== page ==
Spatial Cognition and Computation 2: 51–76, 2000.
© 2001 Kluwer Academic Publishers. Printed in the Netherlands.
A qualitative-connectionist approach to Robotic
Spatial Planning: the Peg-in-Hole case study
ENRIC CERVERA and ANGEL P. DEL POBIL
Computer Science Dept., Jaume I University, Campus Riu Sec, E-12080 Castelló, Spain
Abstract. Qualitative spatial reasoning for actual robots in real-world environments must
necessarily involve perceptive knowledge, since complete a-priori information of the outer
world can never be assumed, not even at a qualitative level. In this paper a contribution is
made towards the integration of quantitative data – namely, sensor signals – into a higher
level qualitative plan. This integration includes the use of neural networks to learn how to
map complex perceptual signals into a qualitative description. Sensors are used to acquire
actual knowledge of the environment and properly identify, with the help of a connectionist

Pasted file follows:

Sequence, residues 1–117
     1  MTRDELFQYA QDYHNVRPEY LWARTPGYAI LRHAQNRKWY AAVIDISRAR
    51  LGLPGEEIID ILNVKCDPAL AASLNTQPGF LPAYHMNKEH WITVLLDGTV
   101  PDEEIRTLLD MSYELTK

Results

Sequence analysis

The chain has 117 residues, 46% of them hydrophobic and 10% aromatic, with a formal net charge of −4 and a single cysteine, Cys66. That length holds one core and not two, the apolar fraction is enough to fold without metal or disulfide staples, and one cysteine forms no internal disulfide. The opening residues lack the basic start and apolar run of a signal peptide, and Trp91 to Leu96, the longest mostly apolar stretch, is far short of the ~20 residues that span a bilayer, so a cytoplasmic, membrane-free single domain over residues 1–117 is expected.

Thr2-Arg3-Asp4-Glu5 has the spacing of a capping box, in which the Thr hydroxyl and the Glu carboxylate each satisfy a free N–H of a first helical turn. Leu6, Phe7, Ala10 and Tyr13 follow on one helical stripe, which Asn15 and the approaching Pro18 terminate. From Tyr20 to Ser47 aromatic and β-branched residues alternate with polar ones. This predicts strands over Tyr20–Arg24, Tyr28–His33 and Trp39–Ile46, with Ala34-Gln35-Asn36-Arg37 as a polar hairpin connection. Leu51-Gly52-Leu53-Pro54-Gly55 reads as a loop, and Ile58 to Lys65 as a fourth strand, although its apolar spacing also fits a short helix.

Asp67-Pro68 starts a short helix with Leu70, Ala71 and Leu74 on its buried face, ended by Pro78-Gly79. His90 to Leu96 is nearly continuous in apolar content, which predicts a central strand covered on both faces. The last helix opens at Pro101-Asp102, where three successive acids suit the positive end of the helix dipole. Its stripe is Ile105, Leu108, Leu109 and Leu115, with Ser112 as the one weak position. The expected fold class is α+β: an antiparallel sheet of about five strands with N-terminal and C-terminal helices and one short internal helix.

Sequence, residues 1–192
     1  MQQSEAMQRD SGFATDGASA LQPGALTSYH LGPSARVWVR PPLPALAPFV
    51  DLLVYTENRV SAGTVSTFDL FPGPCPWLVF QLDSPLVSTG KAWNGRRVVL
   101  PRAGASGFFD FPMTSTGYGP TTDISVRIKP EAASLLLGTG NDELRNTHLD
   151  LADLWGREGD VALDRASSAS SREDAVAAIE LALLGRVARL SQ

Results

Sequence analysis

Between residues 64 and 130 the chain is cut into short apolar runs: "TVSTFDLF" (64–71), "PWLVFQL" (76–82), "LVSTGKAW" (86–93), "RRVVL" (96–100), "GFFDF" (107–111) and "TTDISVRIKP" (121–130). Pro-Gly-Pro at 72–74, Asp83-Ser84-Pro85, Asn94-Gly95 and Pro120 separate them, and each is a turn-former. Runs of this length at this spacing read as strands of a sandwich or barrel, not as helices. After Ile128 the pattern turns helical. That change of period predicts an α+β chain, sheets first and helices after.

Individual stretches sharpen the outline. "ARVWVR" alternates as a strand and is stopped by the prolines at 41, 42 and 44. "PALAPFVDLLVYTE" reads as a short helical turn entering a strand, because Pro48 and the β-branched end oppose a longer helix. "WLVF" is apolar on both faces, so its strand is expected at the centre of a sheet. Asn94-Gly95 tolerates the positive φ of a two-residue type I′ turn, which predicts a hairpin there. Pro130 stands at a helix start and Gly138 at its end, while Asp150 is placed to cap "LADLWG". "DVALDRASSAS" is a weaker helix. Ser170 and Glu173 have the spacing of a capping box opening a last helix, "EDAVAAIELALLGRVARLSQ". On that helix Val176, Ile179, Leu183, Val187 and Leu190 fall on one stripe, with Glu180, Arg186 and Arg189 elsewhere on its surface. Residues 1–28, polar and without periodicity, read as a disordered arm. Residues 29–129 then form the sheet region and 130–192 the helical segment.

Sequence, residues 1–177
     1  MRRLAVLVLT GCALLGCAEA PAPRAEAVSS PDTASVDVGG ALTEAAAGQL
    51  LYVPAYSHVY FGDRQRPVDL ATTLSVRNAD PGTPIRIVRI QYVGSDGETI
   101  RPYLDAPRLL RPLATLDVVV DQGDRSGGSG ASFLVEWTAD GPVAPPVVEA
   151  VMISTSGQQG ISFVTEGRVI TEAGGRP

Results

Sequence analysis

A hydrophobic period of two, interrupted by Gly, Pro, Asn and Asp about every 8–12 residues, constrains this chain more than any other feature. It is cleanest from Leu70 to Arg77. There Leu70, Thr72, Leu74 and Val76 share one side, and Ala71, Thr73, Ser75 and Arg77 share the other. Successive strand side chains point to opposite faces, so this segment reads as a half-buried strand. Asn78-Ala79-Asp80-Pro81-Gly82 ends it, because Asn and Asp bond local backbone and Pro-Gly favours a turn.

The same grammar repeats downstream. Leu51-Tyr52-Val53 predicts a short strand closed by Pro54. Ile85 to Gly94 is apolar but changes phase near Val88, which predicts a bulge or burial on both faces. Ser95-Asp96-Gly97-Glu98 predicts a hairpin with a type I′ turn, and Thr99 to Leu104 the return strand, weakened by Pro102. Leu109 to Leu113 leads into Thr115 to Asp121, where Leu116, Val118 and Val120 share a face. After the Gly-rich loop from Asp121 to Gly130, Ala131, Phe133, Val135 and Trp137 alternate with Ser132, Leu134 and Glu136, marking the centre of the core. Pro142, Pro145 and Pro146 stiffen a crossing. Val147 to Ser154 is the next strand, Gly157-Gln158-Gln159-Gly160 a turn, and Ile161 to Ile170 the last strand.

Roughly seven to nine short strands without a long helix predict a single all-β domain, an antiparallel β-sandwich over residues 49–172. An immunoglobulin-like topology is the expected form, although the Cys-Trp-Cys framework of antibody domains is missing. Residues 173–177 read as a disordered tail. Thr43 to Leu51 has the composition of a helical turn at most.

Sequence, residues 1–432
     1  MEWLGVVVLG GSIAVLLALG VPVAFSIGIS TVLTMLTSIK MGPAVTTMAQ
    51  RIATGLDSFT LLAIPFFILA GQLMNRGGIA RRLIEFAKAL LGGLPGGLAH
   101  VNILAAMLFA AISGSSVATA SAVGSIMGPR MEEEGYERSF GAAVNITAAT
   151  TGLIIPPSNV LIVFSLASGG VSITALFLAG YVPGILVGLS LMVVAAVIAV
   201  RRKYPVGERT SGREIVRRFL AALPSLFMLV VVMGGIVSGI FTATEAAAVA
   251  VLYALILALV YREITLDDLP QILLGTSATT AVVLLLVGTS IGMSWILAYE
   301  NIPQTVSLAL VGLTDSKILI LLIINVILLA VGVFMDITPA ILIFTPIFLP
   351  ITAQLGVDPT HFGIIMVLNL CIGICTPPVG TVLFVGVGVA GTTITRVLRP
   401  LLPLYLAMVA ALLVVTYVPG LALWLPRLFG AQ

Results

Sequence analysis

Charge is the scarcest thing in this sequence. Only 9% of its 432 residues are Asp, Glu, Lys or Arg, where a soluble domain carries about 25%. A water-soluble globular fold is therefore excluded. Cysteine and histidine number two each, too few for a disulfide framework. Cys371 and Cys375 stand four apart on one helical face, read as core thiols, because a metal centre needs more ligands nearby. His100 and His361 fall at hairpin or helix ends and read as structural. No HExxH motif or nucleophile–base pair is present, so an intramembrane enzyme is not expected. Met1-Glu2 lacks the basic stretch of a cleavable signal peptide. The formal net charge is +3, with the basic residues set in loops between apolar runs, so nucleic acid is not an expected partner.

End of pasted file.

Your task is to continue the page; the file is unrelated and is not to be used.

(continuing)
system, the real state of the system. The approach is presented in the framework of robotic
tasks involving contact for which the most informative perception comes from force/torque
sensors. Empirical simulation results are provided for the chamferless two-dimensional peg-
in-hole insertion model with friction. The advantages of learning approaches over geometric
model-based techniques are discussed: our approach is simple but robust against unpredict-
able changes of task parameters, and it exhibits a gracefully degrading behavior and on-line
adaptation to new task conditions. An enhancement to incorporate a measure of conﬁdence of
the network is also presented.
Key words: connectionist learning, ﬁne motion, qualitative spatial reasoning, robotics,
This paper addresses the problem of robotic spatial planning in manipula-
tion tasks, particularly motion in contact, from a qualitative point of view.
The ﬁeld of robotic assembly and task planning must play an important
role in the automation and ﬂexibility of manufacturing systems (Kak ed.
1990). It is shown that, in the absence of precise quantitative information,
a planner is able to perform an insertion task like the peg-in-hole problem.
In this problem, a rectangular peg must be inserted into a chamferless hole
(see Figure 1). This problem has been widely used as a test case for spatial
planning with uncertainty and is also relevant to industrial robotics.